As it turns out, she was in the hospital because she's had a heart murmur her entire life, and they were doing a heart catheterization to establish what kind it is, but couldn't because there was too much pressure in her heart from fluid in her heart and lungs. So they admitted her for a few days to get rid of it and established that the heart murmur isn't a bit deal, so we only need to worry about that pesky congestive heart failure. She's not sure what her prognosis is, but as she said, it's never enjoyable to receive a diagnosis with the word "failure" in it.

Sigh. I don't feel ready for this yet. It feels like when you're dealing with a person in their late 80s or 90s who have a significant health crisis that really knocks them down and then have a series of little things for the next few years until the final big thing hits. So far this year, Mom has been in the hospital twice for her heart, once for a UTI that got out of hand and then got C. diff. Only she's only 74. It's too early for end-of-life conversations and accelerating loss of health.

So: family - good! Congestive heart failure - bad! Baptized child - cute! It was a long week but I guess that pretty much sums it up.
juthwara: (Default)
I've been mentally composing blog posts for the past two weeks, but never quite getting to it because of the many things in my life conspiring to prevent me from typing. In no particular order:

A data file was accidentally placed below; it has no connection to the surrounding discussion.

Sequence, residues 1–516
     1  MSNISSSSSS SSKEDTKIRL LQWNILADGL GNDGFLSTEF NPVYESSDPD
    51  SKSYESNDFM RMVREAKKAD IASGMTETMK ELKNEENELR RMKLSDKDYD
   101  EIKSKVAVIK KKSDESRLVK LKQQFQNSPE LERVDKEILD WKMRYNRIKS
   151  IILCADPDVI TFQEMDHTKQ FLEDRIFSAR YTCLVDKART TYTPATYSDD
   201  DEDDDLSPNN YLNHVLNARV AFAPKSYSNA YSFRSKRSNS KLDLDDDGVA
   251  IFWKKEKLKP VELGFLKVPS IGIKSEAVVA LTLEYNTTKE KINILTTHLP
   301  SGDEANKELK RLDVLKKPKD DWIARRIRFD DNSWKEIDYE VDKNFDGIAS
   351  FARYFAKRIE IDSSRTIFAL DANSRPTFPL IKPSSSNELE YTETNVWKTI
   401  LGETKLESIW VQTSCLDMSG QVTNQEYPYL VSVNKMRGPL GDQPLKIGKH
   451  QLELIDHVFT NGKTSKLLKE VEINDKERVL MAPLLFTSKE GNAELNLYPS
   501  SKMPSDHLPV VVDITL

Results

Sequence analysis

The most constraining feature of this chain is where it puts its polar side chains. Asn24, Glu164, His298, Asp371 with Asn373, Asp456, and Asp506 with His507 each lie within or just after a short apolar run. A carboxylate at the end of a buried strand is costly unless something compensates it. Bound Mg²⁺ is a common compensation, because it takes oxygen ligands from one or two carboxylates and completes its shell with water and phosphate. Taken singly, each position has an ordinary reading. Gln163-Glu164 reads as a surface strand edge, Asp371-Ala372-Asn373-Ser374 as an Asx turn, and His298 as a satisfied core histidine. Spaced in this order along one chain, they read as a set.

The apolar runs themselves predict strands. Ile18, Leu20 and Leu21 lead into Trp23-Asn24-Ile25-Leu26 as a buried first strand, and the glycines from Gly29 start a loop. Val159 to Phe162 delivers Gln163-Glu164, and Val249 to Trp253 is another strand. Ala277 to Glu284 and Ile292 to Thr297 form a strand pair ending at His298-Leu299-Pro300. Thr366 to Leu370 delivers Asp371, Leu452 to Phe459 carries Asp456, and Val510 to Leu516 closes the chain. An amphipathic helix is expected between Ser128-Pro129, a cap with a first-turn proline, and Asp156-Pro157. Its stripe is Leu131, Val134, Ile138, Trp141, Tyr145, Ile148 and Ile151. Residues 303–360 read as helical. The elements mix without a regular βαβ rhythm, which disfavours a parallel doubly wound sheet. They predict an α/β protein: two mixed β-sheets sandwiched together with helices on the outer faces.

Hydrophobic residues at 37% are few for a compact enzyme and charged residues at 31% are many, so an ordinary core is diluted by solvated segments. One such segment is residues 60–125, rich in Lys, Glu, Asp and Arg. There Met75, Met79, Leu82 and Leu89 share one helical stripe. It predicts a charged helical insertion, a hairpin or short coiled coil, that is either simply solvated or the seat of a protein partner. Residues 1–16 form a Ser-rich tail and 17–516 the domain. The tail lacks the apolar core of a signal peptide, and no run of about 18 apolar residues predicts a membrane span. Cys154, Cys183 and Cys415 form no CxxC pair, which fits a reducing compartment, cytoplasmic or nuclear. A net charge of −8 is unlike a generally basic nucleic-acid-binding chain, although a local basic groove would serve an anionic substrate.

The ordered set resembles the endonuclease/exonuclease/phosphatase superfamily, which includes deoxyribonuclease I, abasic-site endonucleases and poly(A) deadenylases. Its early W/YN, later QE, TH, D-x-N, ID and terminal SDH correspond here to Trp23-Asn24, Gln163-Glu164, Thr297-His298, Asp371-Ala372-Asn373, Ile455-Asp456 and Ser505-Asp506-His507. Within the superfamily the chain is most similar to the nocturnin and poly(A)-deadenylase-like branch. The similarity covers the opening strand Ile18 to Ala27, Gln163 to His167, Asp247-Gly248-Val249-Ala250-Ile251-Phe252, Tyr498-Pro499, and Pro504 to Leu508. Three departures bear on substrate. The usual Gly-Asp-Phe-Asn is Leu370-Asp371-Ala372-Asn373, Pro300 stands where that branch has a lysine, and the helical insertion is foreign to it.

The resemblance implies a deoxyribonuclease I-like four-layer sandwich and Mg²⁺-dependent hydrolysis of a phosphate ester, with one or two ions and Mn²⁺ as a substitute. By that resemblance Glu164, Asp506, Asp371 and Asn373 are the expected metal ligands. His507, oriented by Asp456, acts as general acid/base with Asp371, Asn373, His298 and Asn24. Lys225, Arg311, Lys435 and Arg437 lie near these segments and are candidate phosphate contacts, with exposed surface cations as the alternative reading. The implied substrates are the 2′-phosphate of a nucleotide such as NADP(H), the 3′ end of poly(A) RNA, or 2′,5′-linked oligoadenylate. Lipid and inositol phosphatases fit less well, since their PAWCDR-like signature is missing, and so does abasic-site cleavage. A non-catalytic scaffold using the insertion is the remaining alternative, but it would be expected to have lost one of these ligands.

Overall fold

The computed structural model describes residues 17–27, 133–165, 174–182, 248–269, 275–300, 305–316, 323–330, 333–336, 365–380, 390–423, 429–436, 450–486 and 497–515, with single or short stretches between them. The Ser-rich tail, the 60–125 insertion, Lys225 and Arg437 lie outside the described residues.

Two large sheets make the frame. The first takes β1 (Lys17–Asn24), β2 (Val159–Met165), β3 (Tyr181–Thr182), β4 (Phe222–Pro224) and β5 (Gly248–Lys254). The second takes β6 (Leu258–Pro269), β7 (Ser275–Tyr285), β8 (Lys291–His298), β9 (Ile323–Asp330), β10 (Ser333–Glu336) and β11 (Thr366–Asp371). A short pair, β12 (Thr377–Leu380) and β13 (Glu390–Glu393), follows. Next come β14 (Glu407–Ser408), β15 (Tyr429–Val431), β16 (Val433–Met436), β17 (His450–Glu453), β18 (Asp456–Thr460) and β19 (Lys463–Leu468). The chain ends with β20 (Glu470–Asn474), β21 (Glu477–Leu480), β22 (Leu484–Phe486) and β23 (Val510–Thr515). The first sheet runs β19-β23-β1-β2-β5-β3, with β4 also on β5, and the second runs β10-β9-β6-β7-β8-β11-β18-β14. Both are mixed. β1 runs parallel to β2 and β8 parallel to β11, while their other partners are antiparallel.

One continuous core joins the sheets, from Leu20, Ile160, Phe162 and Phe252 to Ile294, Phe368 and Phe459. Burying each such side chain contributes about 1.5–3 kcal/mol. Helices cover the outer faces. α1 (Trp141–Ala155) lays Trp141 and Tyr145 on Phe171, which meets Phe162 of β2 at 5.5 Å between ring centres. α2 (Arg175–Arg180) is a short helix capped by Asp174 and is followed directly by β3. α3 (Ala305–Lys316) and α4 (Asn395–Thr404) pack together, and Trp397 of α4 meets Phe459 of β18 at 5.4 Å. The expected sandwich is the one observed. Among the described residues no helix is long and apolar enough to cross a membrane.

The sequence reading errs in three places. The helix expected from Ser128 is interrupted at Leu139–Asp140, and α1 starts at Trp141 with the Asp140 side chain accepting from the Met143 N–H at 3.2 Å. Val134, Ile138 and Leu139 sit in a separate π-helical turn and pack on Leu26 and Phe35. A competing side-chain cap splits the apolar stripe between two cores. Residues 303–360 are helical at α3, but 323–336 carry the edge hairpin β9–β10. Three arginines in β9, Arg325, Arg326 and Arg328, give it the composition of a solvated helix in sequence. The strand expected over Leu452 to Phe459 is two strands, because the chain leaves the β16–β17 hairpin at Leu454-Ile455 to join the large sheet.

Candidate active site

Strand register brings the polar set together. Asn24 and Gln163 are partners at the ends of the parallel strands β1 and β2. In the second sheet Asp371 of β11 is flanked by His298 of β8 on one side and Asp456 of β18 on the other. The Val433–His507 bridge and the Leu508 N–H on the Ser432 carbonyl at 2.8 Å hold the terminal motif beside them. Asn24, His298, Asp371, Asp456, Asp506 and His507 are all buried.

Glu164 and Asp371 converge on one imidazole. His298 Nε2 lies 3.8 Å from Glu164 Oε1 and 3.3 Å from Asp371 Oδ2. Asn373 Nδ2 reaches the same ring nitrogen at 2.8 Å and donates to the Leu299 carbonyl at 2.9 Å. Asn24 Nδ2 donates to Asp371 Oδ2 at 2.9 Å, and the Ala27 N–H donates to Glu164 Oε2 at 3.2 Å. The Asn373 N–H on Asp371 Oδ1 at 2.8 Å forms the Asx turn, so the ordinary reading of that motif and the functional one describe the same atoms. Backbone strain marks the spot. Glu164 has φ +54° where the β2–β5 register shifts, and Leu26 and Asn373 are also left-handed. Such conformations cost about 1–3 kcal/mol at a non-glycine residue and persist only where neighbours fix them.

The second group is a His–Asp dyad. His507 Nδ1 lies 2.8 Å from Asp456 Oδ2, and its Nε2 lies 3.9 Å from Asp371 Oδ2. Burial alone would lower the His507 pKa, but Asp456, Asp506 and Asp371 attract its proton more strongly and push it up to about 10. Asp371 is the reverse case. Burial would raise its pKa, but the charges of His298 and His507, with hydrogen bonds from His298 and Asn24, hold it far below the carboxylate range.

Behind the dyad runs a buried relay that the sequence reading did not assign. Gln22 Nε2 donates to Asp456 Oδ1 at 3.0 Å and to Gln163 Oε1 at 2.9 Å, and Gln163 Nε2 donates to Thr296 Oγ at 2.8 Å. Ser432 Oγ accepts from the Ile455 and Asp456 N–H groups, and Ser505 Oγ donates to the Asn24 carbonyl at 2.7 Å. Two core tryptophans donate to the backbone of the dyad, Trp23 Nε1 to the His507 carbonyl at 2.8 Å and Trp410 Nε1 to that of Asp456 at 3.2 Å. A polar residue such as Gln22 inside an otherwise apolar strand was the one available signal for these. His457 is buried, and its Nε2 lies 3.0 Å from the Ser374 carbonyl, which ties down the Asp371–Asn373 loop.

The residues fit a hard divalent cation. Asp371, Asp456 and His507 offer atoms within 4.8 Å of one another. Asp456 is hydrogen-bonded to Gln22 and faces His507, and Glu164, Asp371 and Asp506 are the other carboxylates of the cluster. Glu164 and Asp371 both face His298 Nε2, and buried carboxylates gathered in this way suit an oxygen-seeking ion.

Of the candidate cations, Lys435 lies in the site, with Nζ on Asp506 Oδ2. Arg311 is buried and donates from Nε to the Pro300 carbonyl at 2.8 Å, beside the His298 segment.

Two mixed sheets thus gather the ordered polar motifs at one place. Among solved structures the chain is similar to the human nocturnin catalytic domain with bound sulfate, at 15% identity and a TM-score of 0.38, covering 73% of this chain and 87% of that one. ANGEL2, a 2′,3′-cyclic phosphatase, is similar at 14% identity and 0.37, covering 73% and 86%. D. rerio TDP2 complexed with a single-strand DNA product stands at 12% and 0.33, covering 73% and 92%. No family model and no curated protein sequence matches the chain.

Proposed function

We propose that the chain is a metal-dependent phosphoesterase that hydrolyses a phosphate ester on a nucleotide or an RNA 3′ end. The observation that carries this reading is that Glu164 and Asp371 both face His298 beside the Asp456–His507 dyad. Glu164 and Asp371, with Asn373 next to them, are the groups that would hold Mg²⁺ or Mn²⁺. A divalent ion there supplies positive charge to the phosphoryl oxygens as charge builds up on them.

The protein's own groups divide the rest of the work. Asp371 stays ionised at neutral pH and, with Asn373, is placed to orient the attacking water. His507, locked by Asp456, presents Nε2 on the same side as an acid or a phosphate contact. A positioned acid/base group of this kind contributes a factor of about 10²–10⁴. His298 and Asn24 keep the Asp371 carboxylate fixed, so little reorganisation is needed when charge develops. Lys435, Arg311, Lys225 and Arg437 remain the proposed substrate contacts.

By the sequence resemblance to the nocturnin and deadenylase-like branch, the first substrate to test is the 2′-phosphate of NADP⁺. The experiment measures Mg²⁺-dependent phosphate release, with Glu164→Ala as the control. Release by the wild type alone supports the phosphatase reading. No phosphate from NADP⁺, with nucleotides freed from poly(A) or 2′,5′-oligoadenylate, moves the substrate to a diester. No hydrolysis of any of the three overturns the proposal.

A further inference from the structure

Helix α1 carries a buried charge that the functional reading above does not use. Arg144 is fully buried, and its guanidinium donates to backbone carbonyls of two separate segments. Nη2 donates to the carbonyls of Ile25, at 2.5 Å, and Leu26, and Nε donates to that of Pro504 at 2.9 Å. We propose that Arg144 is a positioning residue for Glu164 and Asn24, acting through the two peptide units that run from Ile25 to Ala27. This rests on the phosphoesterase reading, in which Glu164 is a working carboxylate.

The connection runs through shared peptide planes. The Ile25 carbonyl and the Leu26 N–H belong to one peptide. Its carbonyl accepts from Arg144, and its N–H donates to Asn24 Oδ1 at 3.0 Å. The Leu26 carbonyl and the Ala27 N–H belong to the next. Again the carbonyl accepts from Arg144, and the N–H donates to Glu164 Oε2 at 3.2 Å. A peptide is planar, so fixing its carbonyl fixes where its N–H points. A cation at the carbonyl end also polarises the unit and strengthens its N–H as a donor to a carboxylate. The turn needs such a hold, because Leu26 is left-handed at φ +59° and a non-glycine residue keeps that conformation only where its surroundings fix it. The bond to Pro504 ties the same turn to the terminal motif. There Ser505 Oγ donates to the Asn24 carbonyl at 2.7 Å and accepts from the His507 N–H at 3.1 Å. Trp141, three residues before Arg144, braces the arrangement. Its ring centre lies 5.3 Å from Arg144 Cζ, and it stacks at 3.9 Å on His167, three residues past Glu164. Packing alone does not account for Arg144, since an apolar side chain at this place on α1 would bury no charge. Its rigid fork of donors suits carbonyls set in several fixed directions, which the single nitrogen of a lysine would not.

* Alec has been out of preschool for the past two weeks. We had known about last week, because his preschool year ended a week before his summer program starts. However, he wasn't able to go to his last week of preschool, for absolutely infuriating reasons. For the past couple months, he's had molluscum, an utterly harmless virus that causes painless bumps on your skin. There's no real treatment for it, except for unpleasant sounding things like freezing or scraping the spots, or medications that may or may not work after a few weeks. So unless there's a problem, you just wait it out. It's really common, and as I said, he's had it for a couple months. Unfortunately for us, it's on his face, and the preschool called us concerned about a couple of the spots the next-to-last week of preschool. We humored them and took him to the doctor (K had it in preschool as well, so we recognized it right away), who wrote us a note saying that it was harmless and there was no reason he couldn't attend school. But the preschool director saw that it was contagious and refused to let him attend, even after talking to our doctor on the phone. I would like to take this opportunity to point out that he almost certainly caught the virus at preschool, but as far as I know, there was no effort made to inspect any of his classmates to see if they needed to be sent home because they had this terrible virus. Just Alec, because he was unlucky enough to get the spots someplace visible.

So we need to find a new preschool for next fall, because aside from being nail-spitting mad, molluscum can last for months and it's entirely possible he'll still have it in September. I'm hoping that the drive to his summer program won't be too bad and we'll be able to send him there in the fall. It would have the advantage of removing the time pressure of getting him potty trained before the fall.